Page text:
The situation will get worse in 2021, with airlines burning through billions of dollars in cash that may require them to seek additional financing. A4A forecasts the U.S. airline industry will carry $172 billion in debt by the end of this year. Interest expense for major domestic carriers doubled to $3.8 billion last year and is estimated to reach $5.5 billion in 2021, according to the trade association. 

Expectations for larger cash reserves so airlines can tap capital markets and better weather extreme events without relying on federal assistance will also act as a drag on profitability, airline industry officials say.

Airlines are already raising prices to cover higher fuel costs and higher interest charges. Executives say they will use free cash flow to pay down debt, as it comes due, to repair balance sheets.

Mainline carriers that get most of their profits from premium business travel need to rethink their long-haul offerings, potentially expand premium economy and take advantage of the high demand for air cargo services, the Alix Partners research note said.

It recommended airlines:

  • Invest in systems that provide more real-time data, such as bookings, web searches and local travel restrictions, to improve demand forecasting, which will enable management to better plan operations.
  • Review their capital structure and divest noncore operations such as catering, training and maintenance, or subsidiaries, to generate cash and give themselves a more flexible cost structure. 
  • Maintain a focus on taking out costs that do not directly impact the passenger experience, such as maintenance, indirect purchases and marketing.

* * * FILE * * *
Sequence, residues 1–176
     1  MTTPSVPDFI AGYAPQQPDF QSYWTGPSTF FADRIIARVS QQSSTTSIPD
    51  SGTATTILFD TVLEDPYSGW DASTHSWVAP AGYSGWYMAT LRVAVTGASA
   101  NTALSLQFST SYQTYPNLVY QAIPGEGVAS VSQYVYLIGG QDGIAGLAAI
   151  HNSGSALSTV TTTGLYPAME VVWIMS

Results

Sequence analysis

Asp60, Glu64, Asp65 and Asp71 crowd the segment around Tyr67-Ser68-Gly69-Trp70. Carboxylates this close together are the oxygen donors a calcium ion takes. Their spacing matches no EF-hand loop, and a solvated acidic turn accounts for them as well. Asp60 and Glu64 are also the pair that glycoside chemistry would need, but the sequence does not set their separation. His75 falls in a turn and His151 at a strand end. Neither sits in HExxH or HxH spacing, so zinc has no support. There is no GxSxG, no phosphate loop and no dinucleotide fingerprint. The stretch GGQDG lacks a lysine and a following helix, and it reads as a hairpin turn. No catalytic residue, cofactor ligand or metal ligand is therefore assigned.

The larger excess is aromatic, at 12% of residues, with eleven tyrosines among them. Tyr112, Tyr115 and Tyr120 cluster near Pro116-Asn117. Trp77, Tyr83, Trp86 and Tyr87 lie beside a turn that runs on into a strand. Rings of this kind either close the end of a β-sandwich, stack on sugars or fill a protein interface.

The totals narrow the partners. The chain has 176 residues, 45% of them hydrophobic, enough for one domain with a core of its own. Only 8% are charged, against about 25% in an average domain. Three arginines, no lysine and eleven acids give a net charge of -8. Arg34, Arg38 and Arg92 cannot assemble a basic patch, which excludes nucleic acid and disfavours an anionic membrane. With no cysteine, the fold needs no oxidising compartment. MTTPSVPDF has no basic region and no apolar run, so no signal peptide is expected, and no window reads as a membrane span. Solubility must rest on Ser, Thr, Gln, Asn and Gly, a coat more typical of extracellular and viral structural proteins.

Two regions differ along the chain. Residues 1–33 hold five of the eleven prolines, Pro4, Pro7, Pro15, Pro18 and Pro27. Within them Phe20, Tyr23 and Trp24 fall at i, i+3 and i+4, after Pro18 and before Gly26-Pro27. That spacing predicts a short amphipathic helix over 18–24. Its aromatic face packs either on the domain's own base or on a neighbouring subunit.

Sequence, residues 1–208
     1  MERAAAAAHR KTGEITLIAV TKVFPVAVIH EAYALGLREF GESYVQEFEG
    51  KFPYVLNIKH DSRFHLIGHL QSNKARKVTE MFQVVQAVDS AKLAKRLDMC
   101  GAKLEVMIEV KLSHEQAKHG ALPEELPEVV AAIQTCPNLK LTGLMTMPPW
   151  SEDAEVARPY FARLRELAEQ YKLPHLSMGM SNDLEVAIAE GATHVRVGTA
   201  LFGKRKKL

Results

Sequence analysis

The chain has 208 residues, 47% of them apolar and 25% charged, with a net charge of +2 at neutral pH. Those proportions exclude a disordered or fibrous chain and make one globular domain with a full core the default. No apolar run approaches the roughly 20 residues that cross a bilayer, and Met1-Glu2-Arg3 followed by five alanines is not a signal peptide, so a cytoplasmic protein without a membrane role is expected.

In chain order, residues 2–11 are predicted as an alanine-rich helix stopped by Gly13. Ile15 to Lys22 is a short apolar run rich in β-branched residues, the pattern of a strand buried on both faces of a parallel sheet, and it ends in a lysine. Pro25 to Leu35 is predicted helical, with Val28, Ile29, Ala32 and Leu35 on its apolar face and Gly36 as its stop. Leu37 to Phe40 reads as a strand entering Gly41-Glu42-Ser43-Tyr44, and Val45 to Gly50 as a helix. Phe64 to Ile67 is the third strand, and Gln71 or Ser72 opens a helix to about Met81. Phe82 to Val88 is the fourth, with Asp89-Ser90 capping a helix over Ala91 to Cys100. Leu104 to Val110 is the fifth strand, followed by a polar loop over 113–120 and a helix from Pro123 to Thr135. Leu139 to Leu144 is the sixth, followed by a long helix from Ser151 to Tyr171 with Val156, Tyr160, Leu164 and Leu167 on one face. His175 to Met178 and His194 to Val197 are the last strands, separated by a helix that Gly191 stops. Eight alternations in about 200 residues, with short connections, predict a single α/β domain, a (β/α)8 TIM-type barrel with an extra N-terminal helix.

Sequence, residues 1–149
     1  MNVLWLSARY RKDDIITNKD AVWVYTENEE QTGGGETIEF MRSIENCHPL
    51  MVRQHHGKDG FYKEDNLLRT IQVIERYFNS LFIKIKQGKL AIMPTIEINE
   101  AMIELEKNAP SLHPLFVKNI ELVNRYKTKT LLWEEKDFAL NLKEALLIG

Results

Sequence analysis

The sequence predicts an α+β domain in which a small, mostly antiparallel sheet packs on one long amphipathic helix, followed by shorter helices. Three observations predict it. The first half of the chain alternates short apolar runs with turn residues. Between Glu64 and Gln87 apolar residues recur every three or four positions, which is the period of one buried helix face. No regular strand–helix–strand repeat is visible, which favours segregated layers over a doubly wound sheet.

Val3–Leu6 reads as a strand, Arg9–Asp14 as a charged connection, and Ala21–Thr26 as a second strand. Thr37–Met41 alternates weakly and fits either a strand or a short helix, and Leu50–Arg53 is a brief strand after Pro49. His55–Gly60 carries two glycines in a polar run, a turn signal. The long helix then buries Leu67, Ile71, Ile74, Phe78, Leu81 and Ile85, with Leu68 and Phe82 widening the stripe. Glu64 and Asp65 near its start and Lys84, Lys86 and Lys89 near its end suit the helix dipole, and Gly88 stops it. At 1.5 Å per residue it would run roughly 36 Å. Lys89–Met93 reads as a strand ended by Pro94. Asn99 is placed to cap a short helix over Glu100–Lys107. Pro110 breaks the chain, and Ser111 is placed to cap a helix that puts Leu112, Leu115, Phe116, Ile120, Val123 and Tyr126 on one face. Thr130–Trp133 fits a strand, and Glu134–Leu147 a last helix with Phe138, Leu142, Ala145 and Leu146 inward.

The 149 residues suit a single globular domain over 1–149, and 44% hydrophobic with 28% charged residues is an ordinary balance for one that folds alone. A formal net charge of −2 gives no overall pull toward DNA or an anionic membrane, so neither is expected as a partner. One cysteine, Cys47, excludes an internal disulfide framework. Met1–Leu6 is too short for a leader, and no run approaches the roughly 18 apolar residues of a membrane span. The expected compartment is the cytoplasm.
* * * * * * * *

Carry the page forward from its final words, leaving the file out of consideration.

• Creatively reset fleet strategy, making sure to have the right mix of aircraft types and numbers, that can flex to meet changing market conditions. Airlines must look to minimize the total cost of ownership and consider maintenance and operating costs, not just purchase or lease costs.
  • Create a smarter network strategy. Full-service carriers must balance adding new leisure destinations with offering convenient schedules to attract valuable business travelers. Cargo opportunities should also be taken into account when planning routes.
  • Matching service offerings to consumer demand.

 Click here for more FreightWaves/American Shipper stories by Eric Kulisch.

RELATED NEWS:

For airlines in 2020, cargo no substitute for people 

Airlines absorb $391B revenue shortfall in 2020

Eric Kulisch, Air Cargo Editor

Eric is the Air Cargo Market Editor at FreightWaves. An award-winning business journalist with extensive experience covering the logistics sector, Eric spent nearly two years as the Washington, D.C., correspondent for Automotive News, where he focused on regulatory and policy issues surrounding autonomous vehicles, mobility, fuel economy and safety. He has won two regional Gold Medals from the American Society of Business Publication Editors for government coverage and news analysis, and was voted best for feature writing and commentary in the Trade/Newsletter category by the D.C. Chapter of the Society of Professional Journalists. As associate editor at American Shipper Magazine for more than a decade, he wrote about trade, freight transportation and supply chains. Eric is based in Portland, Oregon. He can be reached for comments and tips at ekulisch@freightwaves.com

One Comment